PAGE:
2003)
Asphalt Emulsions Asphalt emulsions consist primarily of asphalt
cement, water, and an emulsifying agent. They should be stable enough
for pumping, mixing, and prolonged storage.







Pavement Distresses and Performance

These distresses could be developed due to traffic load repetitions,
temperature, moisture, aging, construction practice, or combinations.
Fatigue Cracking: are a series of longitudinal and interconnected cracks
caused by the repeated applications of wheel loads. This type of cracking
generally starts as short longitudinal cracks in the wheel path and
progress to an alligator cracking pattern (interconnected cracks) as
shown in Figure. This type of distress will
eventually lead to a loss of the structural integrity
of pavement system.
Rutting: Rutting is defined as permanent deformation
in the wheel path as shown in Figure.Rutting can occur due to: (a)
unstable HMA, (b) densification of HMA, (c) deep settlement in the
subgrade.






Traffic Flow
Complex: between vehicles and drivers,
among vehicles
Stochastic: variability in outcome, cannot
predict with certainty
Theories and models
Macroscopic: aggregate, steady state
Microscopic: disaggregate, dynamics
Human factor: driver behavior

Speed (v)
Rate of motion
Individual speed

Average speed
Time mean speed
Arithmetic mean
Space mean speed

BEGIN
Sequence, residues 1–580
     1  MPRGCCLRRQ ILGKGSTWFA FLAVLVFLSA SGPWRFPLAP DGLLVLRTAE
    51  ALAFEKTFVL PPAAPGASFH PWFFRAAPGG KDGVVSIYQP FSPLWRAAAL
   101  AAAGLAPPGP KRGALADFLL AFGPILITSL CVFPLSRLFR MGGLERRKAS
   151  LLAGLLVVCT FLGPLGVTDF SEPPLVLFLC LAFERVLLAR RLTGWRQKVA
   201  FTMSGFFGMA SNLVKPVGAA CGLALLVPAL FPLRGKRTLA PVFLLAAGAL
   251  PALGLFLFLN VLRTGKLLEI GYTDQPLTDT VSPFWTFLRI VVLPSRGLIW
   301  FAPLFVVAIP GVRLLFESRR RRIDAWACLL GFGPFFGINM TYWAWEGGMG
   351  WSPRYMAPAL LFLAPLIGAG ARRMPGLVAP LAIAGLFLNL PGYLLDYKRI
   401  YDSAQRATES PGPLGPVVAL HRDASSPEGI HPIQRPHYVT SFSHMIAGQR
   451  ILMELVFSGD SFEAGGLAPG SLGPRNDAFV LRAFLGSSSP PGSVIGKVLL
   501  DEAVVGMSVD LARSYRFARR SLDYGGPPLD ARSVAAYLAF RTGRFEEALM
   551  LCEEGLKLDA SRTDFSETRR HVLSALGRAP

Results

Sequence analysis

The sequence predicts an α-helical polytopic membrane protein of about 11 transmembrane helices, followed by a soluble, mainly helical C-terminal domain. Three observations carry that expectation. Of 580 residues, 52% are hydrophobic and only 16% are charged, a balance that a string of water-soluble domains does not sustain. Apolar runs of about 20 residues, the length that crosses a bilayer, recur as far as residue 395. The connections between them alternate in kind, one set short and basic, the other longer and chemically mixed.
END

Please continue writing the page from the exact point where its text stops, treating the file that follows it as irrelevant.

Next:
Harmonic mean
T
L
v
T
L
v
avg
A
A
=
c
c
= ,
n
v
v
i
i
t

= =
i
i
i
i
s
t
nL
n
t
L
v
s t
v v >
Individual Speed
600 700
1
0.0 2.0 50.0
2
4.4 6.7 45.0
3
6.0 8.0 50.0
4
11.4 14.3 35.0
5
15.0 17.5 40.0
6
17.5 20.0 40.0
7
21.1 23.3 45.0
8
23.3 25.0 60.0
Location (ft)
V
e
h
i
c
l
e
Time of
Passing (sec)
Speed
(ft/sec)
(1)
Spot
Speed
mph) or (mi/hr
ft/sec
09 . 34 5280 / 3600 * 50
50
0 . 0 0 . 2
600 700
1
= =
=

= v
Time Mean Speed
Mile
post
Observation Period
(ft/sec) 6 . 45
8
60 45 40 40 35 50 45 50
=
+ + + + + + +
=
t
v
Space Mean Speed
Observation Period
( )
(mi/hr) (ft/sec)
1 30 2 44
7 . 1 2 . 2 5 . 2 5 . 2 9 . 2 2 3 . 2 2
8 * 100
. . v
s
= =
+ + + + + + +
=
O
b
s
e
r
v
a
t
i
o
n

D
i
s
t
a
n
c
e

Volume (q)
Number of vehicles passing a point during
a given time interval
Typically quantified by Rate of Flow
(vehicles per hour)
vph) or (veh/hr 1152
3600 / 25
8
= = q
Time-Space Plot
0
100
200
300
400
500
600
700
800
900
1000
0 5 10 15 20 25
Time (sec)
D
i
s
t
a
n
c
e

(
f
t
)
Volume (q)
Density (k)
Number of vehicles occupying a given
length of roadway
Typically measured as vehicles per mile
(vpm),
or vehicles per
mile per lane
(vpmpl)
Density (k)
Density (k)
(veh/mi) (mi/hr) (veh/hr)
k v q * =
(veh/mi)
(mi/hr) (veh/hr)
22 . 38 1 . 30 / 1152
* 1 . 30 1152
= =
=
k
k
Spacing (s)
Front bumper to front bumper distance
between successive vehicles
S
1-2
S
2-3

T=3sec
Headway (h)
Time between successive vehicles passing
a fixed point
T=0 sec
h
1-2
=3sec

Spacing and Headway
spacing
headway
Spacing and Headway
A
What are the individual headways and the average headway measured at
location A during the 25 sec period?
Spacing and Headway
A
What are the individual headways and the average headway measured at
location A during the 25 sec period?
600 700
1
0.0 2.0
2
4.4 6.7
3
6.0 8.0
4
11.4 14.3
5
15.0 17.5
6
17.5 20.0
7
21.1 23.3
8
23.3 25.0
Location (ft)
V
e
h
i
c
l
e
Time of
Passing (sec)
h
1-2

h
2-3

Lane Occupancy
Ratio of roadway occupied by vehicles
L
1
L
2

L
3

D
D
L
LO
i
i
=
Clearance (c) and Gap (g)
Front bumper to back bumper distance
and time
Spacing (ft) or headway (sec)

Clearance (ft) or Gap (sec)

avg
avg
avg avg
v
L
h g =
avg avg avg
v g c * =